Michael E Brown
Michael.E.Brown at dell.com
Tue Feb 6 17:10:15 AEDT 2018
On Fri, Feb 02, 2018 at 01:10:43PM -0800, Vernon Mauery wrote:
> On 02-Feb-2018 11:18 AM, Andrew Jeffery wrote:
> > Hi Deepak,
> > > So several of the existing OpenBMC apps implement specific D-Bus
> > > services. What does it take to make remote D-Bus calls to such apps?
> > > - It doesn't look like the D-Bus spec or libdbus officially has anything
> > > for D-Bus across computers. There are some good notes at
> > > https://www.freedesktop.org/wiki/Software/DBusRemote/.
> > Applications can cannect to remote dbus servers; the --address option to dbus-daemon allows it to listen on a TCP socket and setting DBUS_SESSION_BUS_ADDRESS will point applications in the right direction. So there are probably two ways we could do this:
> Putting DBus on an externally-available TCP socket is a security architect's
> nightmare. All command and control of the entire BMC is done over DBus; we
> cannot put that on an externally-available address. I suppose if you have an
> internal connection and switching fabric between the nodes, this would be
Vernon, I completely and wholeheartedly agree with this assessment. Most of the
things I've heard so far start way too high up in the stack and try to solve
the issue there. I believe that we ought to start at the networking layer and
build up from there.
Here is a dump of my thoughts related to what we talked about on the conference
Step 0: Internal network
Definition: This is a private network that is internal to a chassis and
cannot be attached via the external world. This does not make this network
implicitly secure, however. I would strongly suggest that we create standards
for addressing this network and how components communicate at the IP level
Proposal: all nodes on this network use IPv6 SLAAC, with a designation
for one or a redundant pair of nodes running "radvd" to provide stable
site-local address space assignments.
Step 1: Discovery
Definition: This is how you figure out that there are other BMCs on the
internal network. Zeroconf/Avahi/MDNS are three names for one method. This also
includes figuring out which role any specific node may fill (chassis-level BMC
vs node-level BMC, for example).
Proposal: MDNS DNS-SD with TXT records indicating BMC Role
Step 2: Exchanging certificates
Definition: To start a crypto system, one needs to exchange public
keys, at a minimum. Other information about a machine can also be useful. Note
that exchanging certificates does not imply "trust" of those certificates, but
only provides the basis upon which you later decide if you trust or not.
Proposal: Oauth 2.0 Dynamic Client Registration
Step 3: Trust
Definition: based on many factors, a machine decides if it trusts
another machine. There is the implication that end-users may wish to disable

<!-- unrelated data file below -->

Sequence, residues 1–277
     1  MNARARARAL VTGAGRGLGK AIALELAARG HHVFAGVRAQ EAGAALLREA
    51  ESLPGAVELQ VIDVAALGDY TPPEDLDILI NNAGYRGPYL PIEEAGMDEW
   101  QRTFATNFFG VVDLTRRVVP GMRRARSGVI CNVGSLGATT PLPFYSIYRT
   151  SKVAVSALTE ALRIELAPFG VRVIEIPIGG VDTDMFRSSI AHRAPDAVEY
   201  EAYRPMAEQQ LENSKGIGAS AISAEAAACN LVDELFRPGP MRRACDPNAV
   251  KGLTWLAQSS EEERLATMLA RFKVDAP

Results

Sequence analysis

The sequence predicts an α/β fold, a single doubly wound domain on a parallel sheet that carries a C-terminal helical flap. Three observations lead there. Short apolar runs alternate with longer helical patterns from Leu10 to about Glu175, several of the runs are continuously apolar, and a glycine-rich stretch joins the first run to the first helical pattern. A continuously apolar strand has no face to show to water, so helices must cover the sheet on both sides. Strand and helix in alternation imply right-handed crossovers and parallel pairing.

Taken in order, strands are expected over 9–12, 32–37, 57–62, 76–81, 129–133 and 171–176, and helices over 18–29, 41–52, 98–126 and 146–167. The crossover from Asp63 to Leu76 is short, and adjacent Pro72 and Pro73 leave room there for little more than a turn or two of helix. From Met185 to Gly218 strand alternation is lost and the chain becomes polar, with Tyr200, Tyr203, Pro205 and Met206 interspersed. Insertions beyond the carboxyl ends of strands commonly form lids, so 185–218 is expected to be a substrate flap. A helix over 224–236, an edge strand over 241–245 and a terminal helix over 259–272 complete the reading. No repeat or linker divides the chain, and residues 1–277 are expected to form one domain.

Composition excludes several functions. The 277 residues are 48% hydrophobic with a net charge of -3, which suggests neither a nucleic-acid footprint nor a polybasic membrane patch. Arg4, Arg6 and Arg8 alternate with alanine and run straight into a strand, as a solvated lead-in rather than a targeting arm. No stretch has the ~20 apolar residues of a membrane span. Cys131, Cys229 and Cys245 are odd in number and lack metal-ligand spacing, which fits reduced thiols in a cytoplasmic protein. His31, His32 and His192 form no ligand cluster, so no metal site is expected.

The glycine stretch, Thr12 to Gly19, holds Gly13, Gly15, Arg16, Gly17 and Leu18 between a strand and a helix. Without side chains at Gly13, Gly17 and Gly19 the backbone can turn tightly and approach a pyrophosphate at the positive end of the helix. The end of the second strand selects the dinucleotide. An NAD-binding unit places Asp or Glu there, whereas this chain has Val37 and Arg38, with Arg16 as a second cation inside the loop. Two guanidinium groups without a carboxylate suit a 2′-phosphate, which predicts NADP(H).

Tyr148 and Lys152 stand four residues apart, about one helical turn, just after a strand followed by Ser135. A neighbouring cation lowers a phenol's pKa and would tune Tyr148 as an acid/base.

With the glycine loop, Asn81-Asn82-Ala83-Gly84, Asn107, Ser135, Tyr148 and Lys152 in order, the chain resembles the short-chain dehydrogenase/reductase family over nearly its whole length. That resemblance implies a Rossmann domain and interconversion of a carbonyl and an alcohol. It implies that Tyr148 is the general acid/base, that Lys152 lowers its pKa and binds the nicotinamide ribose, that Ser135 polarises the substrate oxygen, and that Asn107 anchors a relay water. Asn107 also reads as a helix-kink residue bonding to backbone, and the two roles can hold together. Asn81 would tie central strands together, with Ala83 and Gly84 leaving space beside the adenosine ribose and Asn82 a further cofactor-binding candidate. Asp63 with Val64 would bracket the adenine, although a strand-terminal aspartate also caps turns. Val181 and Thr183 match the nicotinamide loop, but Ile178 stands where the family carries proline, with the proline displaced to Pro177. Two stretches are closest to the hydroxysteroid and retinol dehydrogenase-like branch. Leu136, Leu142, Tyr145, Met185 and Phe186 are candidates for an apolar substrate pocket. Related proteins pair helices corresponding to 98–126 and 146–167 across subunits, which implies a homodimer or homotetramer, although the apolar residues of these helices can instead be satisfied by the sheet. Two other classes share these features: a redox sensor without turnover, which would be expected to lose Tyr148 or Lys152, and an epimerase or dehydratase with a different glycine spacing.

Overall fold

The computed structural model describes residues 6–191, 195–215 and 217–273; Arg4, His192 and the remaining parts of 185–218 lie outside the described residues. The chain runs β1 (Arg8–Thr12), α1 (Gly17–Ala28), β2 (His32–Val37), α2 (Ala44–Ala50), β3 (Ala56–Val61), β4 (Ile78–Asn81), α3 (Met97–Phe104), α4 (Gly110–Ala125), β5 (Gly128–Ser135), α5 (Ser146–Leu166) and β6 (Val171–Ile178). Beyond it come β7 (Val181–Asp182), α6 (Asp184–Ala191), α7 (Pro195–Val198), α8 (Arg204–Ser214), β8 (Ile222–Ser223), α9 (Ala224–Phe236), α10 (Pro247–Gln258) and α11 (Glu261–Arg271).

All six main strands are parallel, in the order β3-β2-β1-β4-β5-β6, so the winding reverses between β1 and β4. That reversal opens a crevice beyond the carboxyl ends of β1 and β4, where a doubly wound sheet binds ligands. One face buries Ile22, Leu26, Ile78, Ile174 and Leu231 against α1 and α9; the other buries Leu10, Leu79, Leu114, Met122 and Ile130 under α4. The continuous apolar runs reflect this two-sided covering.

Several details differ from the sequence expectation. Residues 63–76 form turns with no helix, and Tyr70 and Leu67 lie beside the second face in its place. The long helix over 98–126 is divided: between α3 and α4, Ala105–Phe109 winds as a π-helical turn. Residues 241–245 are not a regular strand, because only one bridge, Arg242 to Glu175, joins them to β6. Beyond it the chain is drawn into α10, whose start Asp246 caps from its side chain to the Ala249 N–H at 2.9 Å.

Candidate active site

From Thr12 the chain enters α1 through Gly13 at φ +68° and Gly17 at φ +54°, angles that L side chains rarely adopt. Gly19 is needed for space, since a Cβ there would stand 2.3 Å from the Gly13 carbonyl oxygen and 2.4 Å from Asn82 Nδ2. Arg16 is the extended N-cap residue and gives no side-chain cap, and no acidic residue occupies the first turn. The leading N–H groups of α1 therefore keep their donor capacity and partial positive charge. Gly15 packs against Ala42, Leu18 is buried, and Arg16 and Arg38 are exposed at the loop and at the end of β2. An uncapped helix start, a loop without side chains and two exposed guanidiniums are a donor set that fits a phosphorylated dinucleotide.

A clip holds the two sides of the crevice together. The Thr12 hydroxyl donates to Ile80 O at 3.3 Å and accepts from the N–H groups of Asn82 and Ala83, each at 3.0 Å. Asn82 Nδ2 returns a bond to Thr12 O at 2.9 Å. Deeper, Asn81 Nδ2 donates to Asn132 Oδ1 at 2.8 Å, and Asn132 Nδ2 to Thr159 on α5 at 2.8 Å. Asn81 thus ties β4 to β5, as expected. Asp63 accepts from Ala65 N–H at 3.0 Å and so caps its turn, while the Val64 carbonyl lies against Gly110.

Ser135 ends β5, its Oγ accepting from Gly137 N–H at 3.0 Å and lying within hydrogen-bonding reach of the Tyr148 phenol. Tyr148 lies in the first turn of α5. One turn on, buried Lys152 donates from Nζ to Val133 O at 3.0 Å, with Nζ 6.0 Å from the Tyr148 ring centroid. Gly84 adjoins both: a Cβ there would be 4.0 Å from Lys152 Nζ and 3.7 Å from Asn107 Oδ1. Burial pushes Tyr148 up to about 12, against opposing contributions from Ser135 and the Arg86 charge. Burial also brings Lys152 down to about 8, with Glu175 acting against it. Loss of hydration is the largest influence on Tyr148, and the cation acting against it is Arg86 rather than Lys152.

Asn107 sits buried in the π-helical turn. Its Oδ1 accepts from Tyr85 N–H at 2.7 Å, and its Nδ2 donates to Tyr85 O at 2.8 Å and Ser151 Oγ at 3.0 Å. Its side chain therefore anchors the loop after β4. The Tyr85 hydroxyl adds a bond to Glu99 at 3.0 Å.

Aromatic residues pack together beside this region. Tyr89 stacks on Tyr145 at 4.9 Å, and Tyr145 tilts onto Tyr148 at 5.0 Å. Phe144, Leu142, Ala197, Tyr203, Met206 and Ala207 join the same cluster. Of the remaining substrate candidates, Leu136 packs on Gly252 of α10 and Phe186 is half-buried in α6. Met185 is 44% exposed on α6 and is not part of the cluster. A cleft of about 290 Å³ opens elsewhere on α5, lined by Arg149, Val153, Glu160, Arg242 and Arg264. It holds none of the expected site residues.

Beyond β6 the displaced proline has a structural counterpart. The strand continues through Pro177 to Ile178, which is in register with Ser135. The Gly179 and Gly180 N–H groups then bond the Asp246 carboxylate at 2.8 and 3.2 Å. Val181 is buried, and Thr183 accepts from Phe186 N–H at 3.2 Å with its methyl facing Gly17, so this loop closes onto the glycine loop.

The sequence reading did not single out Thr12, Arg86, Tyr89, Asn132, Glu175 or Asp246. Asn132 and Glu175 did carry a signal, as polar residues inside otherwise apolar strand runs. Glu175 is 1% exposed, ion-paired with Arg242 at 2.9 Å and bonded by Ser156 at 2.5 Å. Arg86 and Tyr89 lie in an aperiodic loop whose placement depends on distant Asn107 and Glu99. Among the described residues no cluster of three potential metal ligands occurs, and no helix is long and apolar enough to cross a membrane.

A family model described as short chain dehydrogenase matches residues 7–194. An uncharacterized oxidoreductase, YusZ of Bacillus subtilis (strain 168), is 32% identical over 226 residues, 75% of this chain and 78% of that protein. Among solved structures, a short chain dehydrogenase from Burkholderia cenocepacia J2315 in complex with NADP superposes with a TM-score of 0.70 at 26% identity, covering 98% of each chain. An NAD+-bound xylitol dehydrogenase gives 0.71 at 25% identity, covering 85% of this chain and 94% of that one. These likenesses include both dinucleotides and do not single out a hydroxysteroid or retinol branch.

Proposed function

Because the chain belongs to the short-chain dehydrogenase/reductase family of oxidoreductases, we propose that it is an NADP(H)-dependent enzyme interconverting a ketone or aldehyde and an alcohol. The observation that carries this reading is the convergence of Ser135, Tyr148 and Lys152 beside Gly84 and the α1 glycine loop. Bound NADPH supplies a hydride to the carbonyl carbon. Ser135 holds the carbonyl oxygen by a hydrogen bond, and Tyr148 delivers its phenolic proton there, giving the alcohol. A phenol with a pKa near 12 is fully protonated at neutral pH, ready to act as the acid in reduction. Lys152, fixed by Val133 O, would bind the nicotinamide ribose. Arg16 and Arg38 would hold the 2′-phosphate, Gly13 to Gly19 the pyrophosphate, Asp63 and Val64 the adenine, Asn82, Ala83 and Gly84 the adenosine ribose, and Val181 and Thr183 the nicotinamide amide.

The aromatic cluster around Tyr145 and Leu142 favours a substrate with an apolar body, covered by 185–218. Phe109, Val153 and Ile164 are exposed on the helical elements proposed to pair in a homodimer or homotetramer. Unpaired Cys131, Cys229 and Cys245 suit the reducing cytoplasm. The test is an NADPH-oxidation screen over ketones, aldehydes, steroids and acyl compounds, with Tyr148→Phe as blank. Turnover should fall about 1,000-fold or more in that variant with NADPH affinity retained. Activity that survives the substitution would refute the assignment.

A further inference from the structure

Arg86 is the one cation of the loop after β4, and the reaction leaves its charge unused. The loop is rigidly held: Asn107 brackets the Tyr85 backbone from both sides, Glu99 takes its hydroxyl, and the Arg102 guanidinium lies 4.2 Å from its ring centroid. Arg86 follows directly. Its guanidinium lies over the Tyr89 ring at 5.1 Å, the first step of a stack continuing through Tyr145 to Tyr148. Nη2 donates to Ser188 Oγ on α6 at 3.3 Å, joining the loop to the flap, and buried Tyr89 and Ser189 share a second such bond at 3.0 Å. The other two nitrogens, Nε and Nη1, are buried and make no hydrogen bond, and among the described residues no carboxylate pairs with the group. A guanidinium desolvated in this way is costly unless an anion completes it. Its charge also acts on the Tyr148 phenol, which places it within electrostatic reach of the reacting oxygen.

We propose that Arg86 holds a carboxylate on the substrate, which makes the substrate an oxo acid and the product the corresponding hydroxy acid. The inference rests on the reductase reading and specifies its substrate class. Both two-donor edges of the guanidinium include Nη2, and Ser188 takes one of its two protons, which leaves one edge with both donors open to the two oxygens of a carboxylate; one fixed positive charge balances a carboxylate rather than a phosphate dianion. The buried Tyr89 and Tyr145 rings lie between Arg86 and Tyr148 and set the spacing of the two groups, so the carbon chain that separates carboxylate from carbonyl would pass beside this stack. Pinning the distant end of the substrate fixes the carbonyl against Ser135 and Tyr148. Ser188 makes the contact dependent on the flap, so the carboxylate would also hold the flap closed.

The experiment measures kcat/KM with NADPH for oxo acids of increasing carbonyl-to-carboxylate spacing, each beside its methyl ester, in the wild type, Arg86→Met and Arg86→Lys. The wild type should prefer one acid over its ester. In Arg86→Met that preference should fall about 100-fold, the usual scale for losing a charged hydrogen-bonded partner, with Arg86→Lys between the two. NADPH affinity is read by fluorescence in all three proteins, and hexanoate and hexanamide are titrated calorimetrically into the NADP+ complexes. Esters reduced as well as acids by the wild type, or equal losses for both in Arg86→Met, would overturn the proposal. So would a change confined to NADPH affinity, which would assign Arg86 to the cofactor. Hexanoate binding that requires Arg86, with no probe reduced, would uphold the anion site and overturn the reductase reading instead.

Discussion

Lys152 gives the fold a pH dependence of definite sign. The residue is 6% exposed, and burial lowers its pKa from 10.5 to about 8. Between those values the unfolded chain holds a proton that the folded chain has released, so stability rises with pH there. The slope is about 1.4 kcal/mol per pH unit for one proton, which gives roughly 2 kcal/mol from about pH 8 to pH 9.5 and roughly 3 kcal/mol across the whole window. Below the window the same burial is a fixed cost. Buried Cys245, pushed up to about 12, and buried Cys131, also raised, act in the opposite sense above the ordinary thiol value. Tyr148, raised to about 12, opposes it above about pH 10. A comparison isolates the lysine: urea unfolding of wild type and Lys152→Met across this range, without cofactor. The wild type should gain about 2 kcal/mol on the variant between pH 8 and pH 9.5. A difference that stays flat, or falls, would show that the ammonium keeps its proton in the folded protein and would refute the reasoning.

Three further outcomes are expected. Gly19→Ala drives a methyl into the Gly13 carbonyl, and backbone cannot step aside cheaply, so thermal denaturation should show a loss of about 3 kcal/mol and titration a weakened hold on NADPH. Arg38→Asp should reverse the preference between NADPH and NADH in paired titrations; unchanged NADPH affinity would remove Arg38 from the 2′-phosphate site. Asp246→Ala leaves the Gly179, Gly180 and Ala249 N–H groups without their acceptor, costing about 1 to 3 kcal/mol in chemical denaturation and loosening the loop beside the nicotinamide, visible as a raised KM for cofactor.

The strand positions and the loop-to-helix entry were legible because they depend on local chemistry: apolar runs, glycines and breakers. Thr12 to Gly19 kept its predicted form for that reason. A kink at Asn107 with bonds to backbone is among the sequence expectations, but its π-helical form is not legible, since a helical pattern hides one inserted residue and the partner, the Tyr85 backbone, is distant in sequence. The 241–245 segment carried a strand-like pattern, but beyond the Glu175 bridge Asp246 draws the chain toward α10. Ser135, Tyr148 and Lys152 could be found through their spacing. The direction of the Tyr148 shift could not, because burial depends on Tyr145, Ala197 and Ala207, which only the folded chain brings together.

new trust relationships from forming, but that's not a requirement. Factors
that determine trust: 1) which network initiated connection, 2) machine
identity certs, 3) any signatures on the machine identity certs (for example, a
vendor signature probably implies higher trust), 4) user wishes/configuration,
and 5) any possible remote attestation (TPM) or similar. These factors could
certainly be extended to include many other things, but these are a baseline
for starting to talk about this. Depending on user settings, devices might
require OAuth 2.0 device flow or be implicitly trusted based on vendor-signed
Proposal: The OAuth 2.0 Client Credentials grant or the OAuth 2.0
device flow. (Depending on policy)
Step 4: RPC
After establishing trust, you need a mechanism to do remote calls
between machines. This could be as simple as REST (using oauth tokens granted
in #3), or as complex as a full DBUS interface.
Proposal: None at this time
Step 5: Clustering
Definition: Clustering is generally divided into a cluster
communication protocol and a cluster resource manager. The resource manager has
the job of taking developer constraints about which daemons have to run where
and what resources they need, and running the jobs on the machines available.
For example, you might specify that only one machine should run sensors
connected to physical hardware i2c lines, and specify the list of daemons that
depend on these hardware resources. The resource manager would be responsible
for running the daemons in the correct order on the correct number of machines.
Proposal: Corosync/Pacemaker have fairly reliable and flexible
clustering, and can describe complex requirements.
The one thing to keep in mind is that everything up to step 4/5 is part of your
forwards/backwards compatibility guarantee for all time for everything in the
chassis. To make sure it is supportable for a very long time, try to keep it as
simple as possible, but no simpler.
Another part of the design is figuring out if you need Active/Active
clustering, or Active/Standby. If you can get away with Active/Standby, you can
greatly minimize your RPC requirements between the machines, to the point you
don't really need much other than REST.
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